Meyer B. Jackson, PhD

Position title: The Kenneth S. Cole Professor of Neuroscience


Phone: 608-262-9111

3433 WIMR II
1111 Highland Avenue

Meyer Jackson

Research Interests

The broad goal of my research is to understand electrical signaling in the nervous system. The specific area that has occupied most of my attention for more than 15 years is how neurons release neurotransmitter. We use electrical and optical techniques to study the ion channels in nerve terminals, Ca2+ signaling, and the exocytotic apparatus. Our experimental systems range from cultured cell lines to brain slices.

To investigate exocytosis at the molecular level we use PC12 cells, performing molecular manipulations and analyzing the kinetics of exocytosis with carbon fiber amperometry. Amperometry is an especially powerful method for such studies, allowing us to resolve the flux of norepinephrine through single fusion pores. In conjunction with molecular manipulations of the proteins expressed in PC12 cells, we were able to show that synaptotagmin, the putative calcium sensor of exocytosis, regulates the stability of the fusion pore. We have since found that calcium and synaptotagmin accelerate both the formation and the dilation of fusion pores. Furthermore, by analyzing the flux through the fusion pore, we were able to show that the membrane anchor of syntaxin is a structural component of the fusion pore.

We are presently extending our structural view of the fusion pore and elucidating the mechanism of calcium-triggered exocytosis. The general theme of much of this work is applying biophysical principles derived from ion channel function to the fusion pore of exocytosis. Efforts are underway to develop methods for performing parallel manipulations and analyzing fusion pores at synapses between neurons. The insights derived from PC12 cells guide us in formulating hypotheses and designing experiments.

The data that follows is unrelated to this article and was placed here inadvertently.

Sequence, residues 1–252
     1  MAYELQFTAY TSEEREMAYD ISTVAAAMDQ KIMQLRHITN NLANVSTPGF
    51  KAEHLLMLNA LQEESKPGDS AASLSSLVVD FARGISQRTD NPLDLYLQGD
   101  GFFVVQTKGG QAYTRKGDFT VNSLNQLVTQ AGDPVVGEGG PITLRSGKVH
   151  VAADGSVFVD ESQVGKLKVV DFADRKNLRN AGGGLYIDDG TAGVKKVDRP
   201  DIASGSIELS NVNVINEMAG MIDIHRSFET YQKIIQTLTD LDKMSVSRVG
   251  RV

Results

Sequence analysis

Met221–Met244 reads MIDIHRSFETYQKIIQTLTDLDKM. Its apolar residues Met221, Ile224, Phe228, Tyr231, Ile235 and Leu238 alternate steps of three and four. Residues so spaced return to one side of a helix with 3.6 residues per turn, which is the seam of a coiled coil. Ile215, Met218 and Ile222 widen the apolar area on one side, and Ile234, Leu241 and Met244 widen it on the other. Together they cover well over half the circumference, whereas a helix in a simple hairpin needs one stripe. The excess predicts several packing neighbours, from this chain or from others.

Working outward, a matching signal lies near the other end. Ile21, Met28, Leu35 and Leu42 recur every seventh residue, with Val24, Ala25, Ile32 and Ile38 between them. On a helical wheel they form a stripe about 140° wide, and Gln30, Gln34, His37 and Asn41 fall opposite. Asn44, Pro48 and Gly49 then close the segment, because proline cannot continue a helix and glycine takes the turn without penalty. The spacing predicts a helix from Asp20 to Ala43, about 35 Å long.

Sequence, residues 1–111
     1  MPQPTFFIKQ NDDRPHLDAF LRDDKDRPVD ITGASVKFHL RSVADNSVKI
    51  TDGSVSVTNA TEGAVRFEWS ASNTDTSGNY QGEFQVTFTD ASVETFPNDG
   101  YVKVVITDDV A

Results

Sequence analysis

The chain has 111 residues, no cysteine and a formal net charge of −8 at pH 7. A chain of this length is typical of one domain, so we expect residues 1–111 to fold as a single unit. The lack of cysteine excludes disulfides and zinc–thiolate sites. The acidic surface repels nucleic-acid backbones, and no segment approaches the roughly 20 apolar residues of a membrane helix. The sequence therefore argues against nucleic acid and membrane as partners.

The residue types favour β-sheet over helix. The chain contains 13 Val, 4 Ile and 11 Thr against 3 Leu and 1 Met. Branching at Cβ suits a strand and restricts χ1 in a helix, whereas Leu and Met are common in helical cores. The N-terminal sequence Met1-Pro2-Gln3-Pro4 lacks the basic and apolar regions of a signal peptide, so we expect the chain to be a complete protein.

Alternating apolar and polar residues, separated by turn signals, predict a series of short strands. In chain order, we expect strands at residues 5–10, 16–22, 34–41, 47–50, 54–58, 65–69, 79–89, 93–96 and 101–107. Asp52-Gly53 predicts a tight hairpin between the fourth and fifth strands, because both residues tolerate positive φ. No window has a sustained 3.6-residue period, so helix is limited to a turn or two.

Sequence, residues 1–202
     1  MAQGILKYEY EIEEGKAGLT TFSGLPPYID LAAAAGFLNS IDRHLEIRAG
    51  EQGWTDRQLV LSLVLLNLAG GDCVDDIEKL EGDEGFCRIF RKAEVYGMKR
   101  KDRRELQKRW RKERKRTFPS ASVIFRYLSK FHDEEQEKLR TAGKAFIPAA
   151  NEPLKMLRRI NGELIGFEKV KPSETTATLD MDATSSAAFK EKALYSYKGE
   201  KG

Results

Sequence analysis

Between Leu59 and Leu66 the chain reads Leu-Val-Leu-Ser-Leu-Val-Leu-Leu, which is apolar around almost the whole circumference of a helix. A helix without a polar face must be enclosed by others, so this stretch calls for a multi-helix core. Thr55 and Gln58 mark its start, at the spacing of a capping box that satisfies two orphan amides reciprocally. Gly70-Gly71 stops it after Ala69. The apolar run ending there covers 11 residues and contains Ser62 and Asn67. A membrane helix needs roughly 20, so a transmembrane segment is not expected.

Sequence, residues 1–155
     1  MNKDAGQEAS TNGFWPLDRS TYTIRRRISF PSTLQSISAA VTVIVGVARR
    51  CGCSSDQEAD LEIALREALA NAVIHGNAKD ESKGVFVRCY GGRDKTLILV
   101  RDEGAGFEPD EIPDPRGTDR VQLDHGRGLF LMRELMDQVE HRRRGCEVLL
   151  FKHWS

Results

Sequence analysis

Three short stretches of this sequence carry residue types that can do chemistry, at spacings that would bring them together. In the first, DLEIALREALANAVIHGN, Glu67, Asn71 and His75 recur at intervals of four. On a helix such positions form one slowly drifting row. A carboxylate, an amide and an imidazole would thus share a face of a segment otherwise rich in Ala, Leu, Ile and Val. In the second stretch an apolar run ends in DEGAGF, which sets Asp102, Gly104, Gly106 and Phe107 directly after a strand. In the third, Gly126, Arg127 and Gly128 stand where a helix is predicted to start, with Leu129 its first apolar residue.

Honors & Awards

  • WARF Professorship
  • Kenneth S. Cole Award- Biophysical Society

Selected Publications

  • Jackson, M. B. The Hydrophobic Effect in Solute Partitioning and Interfacial Tension. Scientific Reports. 6:19265 (2016).
  • Chang, C. W., Chiang, C. W., Gaffaney, J. D., Chapman, E. R., Jackson, M. B. Lipid-anchored synaptobrevin provides little or no support for exocytosis or liposome fusion. J Biol Chem.  291: 2848-57 (2016).
  • McMahon, S. M. and Jackson, M. B. Multiple Cytosolic Calcium Buffers in Posterior Pituitary Nerve Terminals. J Gen Physiol. 147: 243-54 (2016).
  • Ghitani, N., Bayguinov, P. O., Basso, M. A., Jackson, M. B. A Sodium Afterdepolarization in Rat Superior Colliculus Neurons and its Contribution to Population Activity. J Neurophysiol. 116: 191-200 (2016).
  • Ma, Y., Bayguinov, P. O., Jackson, M. B. Action Potential Dynamics in Fine Axons Probed with an Axonally-Targeted Optical Voltage Sensor. eNeuro 4: e0146-17 (2017).
  • Bayguinov, P. O., Ma, Y., Gao, Y., Zhao, X., Jackson, M. B. Imaging Voltage in Genetically-Defined Neuronal Subpopulations with a Cre Recombinase-Targeted Hybrid Voltage Sensor. J Neurosci 37:9305-19 (2017). Cover image.
  • Chiang, C. W., Chang, C. W., Jackson, M. B. The Transmembrane Domain of Synaptobrevin Influences Neurotransmitter Flux Through Synaptic Fusion Pores. J Neurosci 38:7179-7191 (2018). Cover image.
  • Jackson, M. B. Hsiao, Y.-T., and Chang, C.-W. Fusion Pore Expansion and Contraction During Catecholamine Release from Endocrine Cells. Biophys. J. 119: 219-231 (2020).
  • Jackson, M. B. Hebbian and non-Hebbian Timing-Dependent Plasticity in the Hippocampal CA3 region. Hippocampus (in press).